Taylor knows how to handle surprise starts

Ryan Wood
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GREEN BAY – The 100 yards that changed Lane Taylor’s career weren’t traveled on a football field. There was no pancake block. No blitzing linebacker to stonewall.

Taylor was a bystander. Caught in the right conversation, with the right person, at the right time.

He exited Oklahoma State’s football complex one September day in 2009, a redshirt freshman on the scout team. As he was crossing Hall of Fame Avenue on his way to practice, Taylor’s offensive line coach pulled up beside. Joe Wickline was mildly panicked. Thoughts racing.

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Taylor tried to strike conversation as they walked.

“And I’m thinking about something else,” Wickline said. “I’m not listening to him. I’m acting like I care what he says, you know. I probably wasn’t even looking at him, and I say, ‘Let me ask you something. How much do you weigh?’”

Random question. Wickline had a good reason. Oklahoma State lost their No. 5 ranking the previous week when Houston upset them at home. A leaky interior offensive line didn’t help. The Cowboys had senior tackles rotating at guard. Misfits. They were too tall, too stiff to get leverage.

Taylor was an afterthought. He didn’t dress for Oklahoma State’s first two games. Only scout-team reps during practice. No, the kid barely recruited out of Arlington (Texas) Martin High wasn’t a likely replacement.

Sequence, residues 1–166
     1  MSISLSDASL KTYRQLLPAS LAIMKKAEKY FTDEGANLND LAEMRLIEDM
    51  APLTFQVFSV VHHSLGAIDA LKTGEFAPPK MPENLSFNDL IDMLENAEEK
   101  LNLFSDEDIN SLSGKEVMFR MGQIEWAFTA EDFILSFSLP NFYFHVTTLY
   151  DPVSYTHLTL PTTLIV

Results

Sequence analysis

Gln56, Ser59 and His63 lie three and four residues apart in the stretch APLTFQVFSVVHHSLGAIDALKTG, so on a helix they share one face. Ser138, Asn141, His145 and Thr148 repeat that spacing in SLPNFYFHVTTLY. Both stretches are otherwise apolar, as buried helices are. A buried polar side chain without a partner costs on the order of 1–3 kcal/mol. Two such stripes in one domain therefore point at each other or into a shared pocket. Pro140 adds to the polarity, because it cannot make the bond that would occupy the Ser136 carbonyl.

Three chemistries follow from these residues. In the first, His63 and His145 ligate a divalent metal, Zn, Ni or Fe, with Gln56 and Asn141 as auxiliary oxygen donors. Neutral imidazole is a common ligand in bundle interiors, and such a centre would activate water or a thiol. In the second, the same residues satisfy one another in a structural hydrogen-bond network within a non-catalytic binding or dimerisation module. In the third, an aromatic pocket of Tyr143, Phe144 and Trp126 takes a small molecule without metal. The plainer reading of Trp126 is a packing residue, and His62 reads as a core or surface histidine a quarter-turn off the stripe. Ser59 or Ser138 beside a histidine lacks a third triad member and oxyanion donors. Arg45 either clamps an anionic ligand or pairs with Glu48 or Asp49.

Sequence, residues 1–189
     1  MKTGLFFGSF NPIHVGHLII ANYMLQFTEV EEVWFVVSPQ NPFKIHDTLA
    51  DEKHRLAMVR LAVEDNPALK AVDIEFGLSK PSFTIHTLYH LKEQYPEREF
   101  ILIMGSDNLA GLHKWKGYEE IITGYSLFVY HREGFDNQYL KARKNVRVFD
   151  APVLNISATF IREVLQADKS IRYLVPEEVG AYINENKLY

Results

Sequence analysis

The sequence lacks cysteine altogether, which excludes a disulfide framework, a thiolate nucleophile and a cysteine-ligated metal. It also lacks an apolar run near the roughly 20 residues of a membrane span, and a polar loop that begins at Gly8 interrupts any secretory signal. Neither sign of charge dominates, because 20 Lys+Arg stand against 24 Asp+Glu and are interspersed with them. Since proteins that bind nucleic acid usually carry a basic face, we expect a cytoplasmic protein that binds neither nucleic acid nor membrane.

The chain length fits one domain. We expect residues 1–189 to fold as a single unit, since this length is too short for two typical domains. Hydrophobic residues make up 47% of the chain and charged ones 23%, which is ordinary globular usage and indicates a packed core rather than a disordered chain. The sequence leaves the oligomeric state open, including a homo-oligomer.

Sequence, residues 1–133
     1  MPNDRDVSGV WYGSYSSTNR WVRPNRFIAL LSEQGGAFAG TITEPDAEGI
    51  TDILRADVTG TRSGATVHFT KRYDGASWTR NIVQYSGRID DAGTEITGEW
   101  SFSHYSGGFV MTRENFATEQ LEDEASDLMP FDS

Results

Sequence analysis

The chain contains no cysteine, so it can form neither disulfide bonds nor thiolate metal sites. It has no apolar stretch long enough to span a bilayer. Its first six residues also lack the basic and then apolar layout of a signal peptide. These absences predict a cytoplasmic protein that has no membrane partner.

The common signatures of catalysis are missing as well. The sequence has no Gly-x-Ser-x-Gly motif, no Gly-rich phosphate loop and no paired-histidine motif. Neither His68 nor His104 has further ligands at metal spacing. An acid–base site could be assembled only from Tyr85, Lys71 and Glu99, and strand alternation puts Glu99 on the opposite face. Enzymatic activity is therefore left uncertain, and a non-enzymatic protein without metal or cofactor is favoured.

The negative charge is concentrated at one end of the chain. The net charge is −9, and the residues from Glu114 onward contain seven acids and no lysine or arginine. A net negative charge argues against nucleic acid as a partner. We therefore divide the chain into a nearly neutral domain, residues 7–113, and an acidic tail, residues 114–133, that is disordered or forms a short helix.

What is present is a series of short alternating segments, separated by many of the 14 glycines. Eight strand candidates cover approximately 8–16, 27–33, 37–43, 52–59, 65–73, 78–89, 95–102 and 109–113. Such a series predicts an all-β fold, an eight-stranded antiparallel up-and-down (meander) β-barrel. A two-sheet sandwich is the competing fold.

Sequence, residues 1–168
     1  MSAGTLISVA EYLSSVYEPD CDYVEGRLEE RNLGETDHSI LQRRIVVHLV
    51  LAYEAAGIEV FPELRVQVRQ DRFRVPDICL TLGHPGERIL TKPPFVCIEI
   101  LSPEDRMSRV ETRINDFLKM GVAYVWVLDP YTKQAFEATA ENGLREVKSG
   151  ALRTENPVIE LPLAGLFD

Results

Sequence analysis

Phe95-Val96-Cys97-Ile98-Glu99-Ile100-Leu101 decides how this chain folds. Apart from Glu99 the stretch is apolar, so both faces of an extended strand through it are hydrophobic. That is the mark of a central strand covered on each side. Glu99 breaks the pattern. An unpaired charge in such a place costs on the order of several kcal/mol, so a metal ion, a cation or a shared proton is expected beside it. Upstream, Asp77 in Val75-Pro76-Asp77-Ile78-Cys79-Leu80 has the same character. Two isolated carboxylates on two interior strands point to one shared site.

But Wickline was desperate.

“I’m wondering, ‘What in the hell am I going to do?’” Wickline said. “He had already redshirted one year, hadn’t taken a damn rep. I don’t even know if he knows the playbook. We’re walking out to practice. It just so happens he’s talking to me, and I’m talking to him.”

Somewhere in those final 100 yards to the practice field, they stopped. Off the sidewalk, Wickline told Taylor to drop into his three-point stance.

“Literally, he gets down,” Wickline said. “Step right. Step left. I say, ‘(Expletive), you’re good enough.’ So that day in practice, I go, ‘You’re a starter.’ He goes, ‘What?’ I say, ‘Get your ass in there. Shut up. They’ve already proven to me they can’t do it. At least you’re ahead of them. I already have proof they can’t do it.’”

Taylor wasn’t the only one confused. When he trotted out with the starting offensive line, his head coach thought it was a mistake. Wickline told his boss to just wait. See what happens.

It wasn’t Taylor’s job immediately. He remembers practice reps rotating like “musical chairs” for a couple days. Then, Taylor said, he had one good period. It led to one chance.

That Saturday, he started at right guard against Rice.

“First play,” Taylor said, “I think I had a cut block. I got it, and I’ve been good since then.”

Funny how a career begins. One fluke conversation led to one practice rep. One rep to one start. One start to four years as a foundational member of the Cowboys' offensive line.

Taylor started 47 games at Oklahoma State. He was an All-Big 12 honorable mention as a junior. Unanimous first-team selection choice as a senior. It might not have happened without Taylor handling sudden change. Out of nowhere, he had three, four days to prepare for his first college start.

Yes, Taylor said, the past week has given him flashbacks.


Nobody told Lane Taylor he was the Green Bay Packers' new starting left guard. He found out the same way you did.